Sept 22 (DNA) Notwithstanding the headline grabbing news of MDMK protests and an unfortunate self-immolation, the three day visit of the Sri Lankan President, Mahinda Rajapaksa, should be a time to reassess the trajectory of India-Sri Lanka ties.
The decision by the Indian government to accord summit level status to Rajapaksa's visit for the inauguration of the University of Buddhist and Indic Studies in Sanchi, Madhya Pradesh has already underlined a new seriousness on New Delhi's part to impart a sense of dynamism to a very important relationship that seems to have become hostage to the domestic political dynamic in Tamil Nadu.
Many in India and especially in Tamil Nadu are rightfully concerned about the slow pace of the rehabilitation of Tamils in Sri Lanka and the disinclination of the Rajapaksa government to find a lasting solution to ethnic problems. The anger in Tamil Nadu at Rajapaksa's government's conduct during and after the war with the LTTE remains high.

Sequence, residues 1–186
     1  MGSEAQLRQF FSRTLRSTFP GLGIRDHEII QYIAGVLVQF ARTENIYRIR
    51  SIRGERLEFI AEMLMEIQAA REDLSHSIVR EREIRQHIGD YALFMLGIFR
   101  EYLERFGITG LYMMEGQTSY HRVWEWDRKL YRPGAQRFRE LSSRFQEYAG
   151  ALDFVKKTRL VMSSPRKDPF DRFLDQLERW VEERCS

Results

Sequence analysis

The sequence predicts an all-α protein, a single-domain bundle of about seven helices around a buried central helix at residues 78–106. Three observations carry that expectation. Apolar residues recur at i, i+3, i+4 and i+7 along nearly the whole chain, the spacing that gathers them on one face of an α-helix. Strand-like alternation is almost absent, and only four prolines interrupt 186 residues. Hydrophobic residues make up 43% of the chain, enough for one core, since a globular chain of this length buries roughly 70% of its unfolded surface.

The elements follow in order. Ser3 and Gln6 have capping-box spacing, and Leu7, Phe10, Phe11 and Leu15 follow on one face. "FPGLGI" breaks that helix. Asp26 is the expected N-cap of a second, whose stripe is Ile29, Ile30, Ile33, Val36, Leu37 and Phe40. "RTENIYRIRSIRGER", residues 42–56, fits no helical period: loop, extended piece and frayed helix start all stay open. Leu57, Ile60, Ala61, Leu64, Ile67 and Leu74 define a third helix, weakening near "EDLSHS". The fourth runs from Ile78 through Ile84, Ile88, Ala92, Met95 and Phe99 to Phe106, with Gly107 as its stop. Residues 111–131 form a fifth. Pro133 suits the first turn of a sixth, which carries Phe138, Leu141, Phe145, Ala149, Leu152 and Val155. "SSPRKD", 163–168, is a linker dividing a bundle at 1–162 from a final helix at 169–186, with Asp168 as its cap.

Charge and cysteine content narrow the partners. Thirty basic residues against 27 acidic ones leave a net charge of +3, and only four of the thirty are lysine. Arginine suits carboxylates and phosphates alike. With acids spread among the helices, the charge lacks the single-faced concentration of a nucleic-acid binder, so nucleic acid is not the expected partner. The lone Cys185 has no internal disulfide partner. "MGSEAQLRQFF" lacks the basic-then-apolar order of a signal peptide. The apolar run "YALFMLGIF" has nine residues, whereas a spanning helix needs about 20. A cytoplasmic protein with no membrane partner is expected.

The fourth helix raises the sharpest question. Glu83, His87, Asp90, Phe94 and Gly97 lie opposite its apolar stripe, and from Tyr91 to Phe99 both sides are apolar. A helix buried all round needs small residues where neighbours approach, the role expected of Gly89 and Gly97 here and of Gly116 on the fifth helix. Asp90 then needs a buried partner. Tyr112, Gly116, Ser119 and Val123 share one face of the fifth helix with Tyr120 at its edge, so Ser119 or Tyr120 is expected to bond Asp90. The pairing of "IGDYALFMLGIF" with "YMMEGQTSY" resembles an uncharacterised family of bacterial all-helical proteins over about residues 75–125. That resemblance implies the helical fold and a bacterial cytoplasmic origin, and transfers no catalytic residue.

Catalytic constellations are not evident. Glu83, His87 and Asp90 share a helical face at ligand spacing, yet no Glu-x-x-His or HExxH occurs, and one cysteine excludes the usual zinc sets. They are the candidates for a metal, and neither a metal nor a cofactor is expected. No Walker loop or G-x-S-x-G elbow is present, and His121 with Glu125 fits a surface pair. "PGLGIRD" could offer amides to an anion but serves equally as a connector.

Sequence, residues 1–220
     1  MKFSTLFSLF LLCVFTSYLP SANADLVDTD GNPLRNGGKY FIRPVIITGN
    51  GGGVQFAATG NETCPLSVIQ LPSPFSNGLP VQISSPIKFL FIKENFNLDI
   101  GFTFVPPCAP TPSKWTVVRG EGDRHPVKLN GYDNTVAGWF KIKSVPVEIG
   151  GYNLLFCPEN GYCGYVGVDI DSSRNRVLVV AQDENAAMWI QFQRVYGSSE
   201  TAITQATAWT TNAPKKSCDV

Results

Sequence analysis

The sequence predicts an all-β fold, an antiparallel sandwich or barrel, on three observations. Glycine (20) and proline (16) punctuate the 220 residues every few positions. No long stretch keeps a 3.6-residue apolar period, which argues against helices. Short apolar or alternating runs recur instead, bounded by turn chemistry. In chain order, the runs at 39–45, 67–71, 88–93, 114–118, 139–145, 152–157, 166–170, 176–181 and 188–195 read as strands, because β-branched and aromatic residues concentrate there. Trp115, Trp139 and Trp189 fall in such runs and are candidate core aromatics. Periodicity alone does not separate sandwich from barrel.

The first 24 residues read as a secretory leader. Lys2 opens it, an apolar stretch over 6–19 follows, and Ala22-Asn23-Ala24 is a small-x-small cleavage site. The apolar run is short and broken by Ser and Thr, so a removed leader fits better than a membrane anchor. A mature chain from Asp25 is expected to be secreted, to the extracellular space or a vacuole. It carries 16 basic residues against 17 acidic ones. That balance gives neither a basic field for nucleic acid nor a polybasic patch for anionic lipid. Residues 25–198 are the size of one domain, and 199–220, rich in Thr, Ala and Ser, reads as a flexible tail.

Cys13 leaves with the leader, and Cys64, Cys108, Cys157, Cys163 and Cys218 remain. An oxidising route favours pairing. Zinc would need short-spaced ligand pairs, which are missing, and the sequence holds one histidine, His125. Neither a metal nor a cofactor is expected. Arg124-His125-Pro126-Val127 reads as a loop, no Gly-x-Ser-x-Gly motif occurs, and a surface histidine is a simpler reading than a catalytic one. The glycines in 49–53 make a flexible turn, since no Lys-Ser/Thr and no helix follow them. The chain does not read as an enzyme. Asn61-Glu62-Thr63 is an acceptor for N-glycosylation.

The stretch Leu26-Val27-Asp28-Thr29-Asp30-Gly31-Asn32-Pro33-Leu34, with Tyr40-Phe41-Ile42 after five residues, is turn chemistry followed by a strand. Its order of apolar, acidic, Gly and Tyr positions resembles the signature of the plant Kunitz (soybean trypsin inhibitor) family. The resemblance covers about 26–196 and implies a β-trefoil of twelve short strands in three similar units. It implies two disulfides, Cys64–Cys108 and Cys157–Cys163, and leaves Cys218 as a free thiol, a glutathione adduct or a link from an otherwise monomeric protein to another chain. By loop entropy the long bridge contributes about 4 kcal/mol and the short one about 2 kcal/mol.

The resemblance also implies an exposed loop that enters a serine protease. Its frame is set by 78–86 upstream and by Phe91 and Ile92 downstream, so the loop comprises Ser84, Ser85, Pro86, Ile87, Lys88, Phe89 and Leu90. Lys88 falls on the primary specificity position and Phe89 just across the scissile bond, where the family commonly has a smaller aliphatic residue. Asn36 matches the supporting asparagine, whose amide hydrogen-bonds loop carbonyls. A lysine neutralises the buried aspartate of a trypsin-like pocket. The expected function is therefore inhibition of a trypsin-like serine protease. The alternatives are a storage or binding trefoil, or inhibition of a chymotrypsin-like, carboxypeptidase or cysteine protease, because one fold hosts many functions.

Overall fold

The political parties in Tamil Nadu continue to exploit the Lankan Tamil card with an eye on the state electoral calculus, even though the issue had little resonance in the 2009 Lok Sabha elections.
New Delhi has repeatedly emphasised the need for urgent steps to resettle internally displaced persons and urged the government to undertake speedy rehabilitation and reconstruction efforts in Northern and Eastern Sri Lanka.
New Delhi has underlined the need for a meaningful devolution package, building on the 13th amendment that would create the necessary conditions for a lasting political settlement. The Rajapaksa government remains largely non-committal on this. But the Tamils in Sri Lanka are not going to get a better deal by attacking Sri Lankan visitors in Tamil Nadu.
The Sri Lankan president is at the height of his power after having defeated the LTTE and winning an overwhelming mandate for himself and his party. Yet his government's human rights record is under critical scrutiny in the West and stable ties with India help him in underlining India's backing for his government to the world.
It is important to recognise that beyond that symbolic value, Sri Lanka is rapidly slipping out of India's orbit. India failed to exert its leverage over the humanitarian troubles that Tamils trapped in the fighting were facing. New Delhi's attempts to end the war and avert a humanitarian tragedy in North-East Sri Lanka proved utterly futile.